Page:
How inconsistent is moderation?
When Ofqual published its investigation into the moderation of last year’s writing assessments, it revealed a long list of concerns. The exams watchdog concluded that moderation “was more inconsistent than it could have been”, in the report published in March. Based on visits to one school in each of 12 local authorities, and interviews with teachers, moderators and moderation managers from 17 LAs, the report revealed:
– Due to difficulties in accessing guidance, moderation managers sometimes felt that it was up to them to apply their own interpretation of the writing framework, and of how moderation should be delivered.
– Sometimes guidance was sent to individual moderation managers and shared through unofficial channels, but not at a national level. This meant it was unclear whether the guidance was official or not.
– Some moderators told schools which pupils’ work was to be moderated 24-48 hours in advance of the visit, while some chose the pupils on the day. A notice period meant teachers could be more ready to defend their judgements.
– Moderators generally chose pupils from a list that had been collated by teachers. Some schools presented this in rank order, allowing moderators to focus on “borderline” cases; others simply grouped pupils by standards, potentially reducing the likelihood of changes to judgements at moderation.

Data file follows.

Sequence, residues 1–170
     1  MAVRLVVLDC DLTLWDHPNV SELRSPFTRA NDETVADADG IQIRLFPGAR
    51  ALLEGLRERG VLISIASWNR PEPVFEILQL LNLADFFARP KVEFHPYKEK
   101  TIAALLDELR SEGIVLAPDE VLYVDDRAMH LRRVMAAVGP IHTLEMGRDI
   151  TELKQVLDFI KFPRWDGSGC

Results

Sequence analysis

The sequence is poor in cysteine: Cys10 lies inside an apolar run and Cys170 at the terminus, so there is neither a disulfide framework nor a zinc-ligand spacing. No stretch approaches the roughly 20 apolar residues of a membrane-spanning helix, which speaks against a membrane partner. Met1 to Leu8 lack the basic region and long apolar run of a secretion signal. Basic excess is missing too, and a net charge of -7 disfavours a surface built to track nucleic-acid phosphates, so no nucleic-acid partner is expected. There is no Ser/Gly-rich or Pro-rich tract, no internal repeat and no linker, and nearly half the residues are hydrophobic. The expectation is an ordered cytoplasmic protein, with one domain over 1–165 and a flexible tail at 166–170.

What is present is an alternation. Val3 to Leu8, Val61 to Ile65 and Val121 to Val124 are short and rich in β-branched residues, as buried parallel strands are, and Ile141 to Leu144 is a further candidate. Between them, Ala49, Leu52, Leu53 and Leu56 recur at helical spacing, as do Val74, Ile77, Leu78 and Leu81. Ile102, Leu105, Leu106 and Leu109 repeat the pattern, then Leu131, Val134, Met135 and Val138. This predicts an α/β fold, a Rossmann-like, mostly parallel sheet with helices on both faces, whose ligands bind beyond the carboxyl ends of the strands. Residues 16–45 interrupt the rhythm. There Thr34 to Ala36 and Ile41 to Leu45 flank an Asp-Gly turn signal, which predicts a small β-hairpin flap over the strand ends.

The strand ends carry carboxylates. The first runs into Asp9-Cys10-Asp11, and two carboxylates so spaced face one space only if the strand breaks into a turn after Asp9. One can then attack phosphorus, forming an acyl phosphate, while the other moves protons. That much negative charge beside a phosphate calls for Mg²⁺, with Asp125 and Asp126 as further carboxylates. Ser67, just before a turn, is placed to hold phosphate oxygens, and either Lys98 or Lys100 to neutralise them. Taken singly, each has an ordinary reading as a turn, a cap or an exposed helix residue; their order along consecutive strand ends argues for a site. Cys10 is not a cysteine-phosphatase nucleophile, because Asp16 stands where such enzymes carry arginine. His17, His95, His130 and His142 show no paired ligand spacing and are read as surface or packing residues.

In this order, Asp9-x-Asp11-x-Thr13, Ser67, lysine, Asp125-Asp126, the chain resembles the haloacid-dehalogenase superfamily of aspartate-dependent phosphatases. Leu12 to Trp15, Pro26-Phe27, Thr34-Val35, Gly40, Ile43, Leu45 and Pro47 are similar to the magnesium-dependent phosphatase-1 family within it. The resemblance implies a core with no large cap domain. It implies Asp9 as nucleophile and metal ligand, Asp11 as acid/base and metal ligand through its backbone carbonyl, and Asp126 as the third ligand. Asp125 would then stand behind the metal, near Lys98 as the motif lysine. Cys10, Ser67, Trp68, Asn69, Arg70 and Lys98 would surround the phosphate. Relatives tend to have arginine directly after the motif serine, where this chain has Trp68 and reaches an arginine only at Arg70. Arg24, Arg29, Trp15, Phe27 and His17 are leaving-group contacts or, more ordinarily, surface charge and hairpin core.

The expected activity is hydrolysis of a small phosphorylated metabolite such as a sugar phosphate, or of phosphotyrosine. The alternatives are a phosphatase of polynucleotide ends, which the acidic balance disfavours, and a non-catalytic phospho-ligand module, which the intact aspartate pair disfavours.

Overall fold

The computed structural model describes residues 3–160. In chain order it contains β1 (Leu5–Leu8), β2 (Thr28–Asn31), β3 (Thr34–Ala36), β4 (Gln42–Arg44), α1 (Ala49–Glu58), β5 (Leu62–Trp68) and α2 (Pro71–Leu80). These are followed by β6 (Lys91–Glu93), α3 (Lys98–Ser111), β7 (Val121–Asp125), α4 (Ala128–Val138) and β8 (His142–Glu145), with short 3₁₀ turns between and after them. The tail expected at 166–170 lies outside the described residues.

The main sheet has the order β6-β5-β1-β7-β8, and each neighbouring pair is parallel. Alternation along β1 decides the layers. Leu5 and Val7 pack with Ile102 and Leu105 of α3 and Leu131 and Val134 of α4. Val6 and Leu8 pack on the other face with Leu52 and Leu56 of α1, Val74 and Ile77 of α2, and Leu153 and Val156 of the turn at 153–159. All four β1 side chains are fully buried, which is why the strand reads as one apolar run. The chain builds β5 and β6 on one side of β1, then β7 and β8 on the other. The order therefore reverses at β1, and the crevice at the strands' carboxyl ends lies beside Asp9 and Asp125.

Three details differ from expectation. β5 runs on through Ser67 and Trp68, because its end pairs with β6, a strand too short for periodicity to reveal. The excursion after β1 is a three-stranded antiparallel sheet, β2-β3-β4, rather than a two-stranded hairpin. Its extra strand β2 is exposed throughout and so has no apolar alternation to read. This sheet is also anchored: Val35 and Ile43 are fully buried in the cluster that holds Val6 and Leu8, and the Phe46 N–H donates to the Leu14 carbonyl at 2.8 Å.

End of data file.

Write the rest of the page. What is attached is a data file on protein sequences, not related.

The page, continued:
– In two cases in which eight pupils were moderated, a visit in one authority took twice as long as in the other, although the same number of moderators had attended each school.
What does moderation cost?
Through freedom of information requests, Tes has discovered a wide variation in what local authorities charge for moderation and how the charges are made.
The charges to academies for moderating range from £60 to more than £1,000.
Of the 49 authorities that revealed their charges, Bournemouth said it charged £60 per academy, whereas Greenwich charged between £310 and £1,060 depending on the size of the school.
Some authorities offered a range of packages: neighbours Newcastle and North Tyneside both charged £1,100 once every three years – with North Tyneside explaining that the package included monitoring of all statutory assessments, key stage 1 and KS2 statutory moderation.
But some authorities refused to answer, saying that they believed the information was commercially sensitive.
What does a visit involve?
Local authorities had to tell schools on or after Friday 18 May if they were going to be moderated. At least two school days’ notice of a moderation visit must be given.
Schools will be visited between 4 June and 28 June.
In the majority of cases, the Standards and Testing Agency expects only one external moderator to visit a school – but additional moderators may attend in some cases.
The moderator visits the school and reviews work from a sample of pupils. The sample must include pupils assessed at each of the three standards: working towards the expected standard; at the expected standard; and at greater depth.
To confirm that a pupil has met the specified standards, the moderator must look at the pupil’s work and hold a professional discussion with the Year 6 teacher.
The moderator can ask for additional evidence if necessary. In certain cases, the whole year group may be checked.
At the end of the visit, the local authority must provide the school with the agreed, validated judgements for the moderated pupils and any revised judgements if the LA moderator considered the pupil was working at a different standard.
Every authority must have an appeals process in place and make schools aware of it.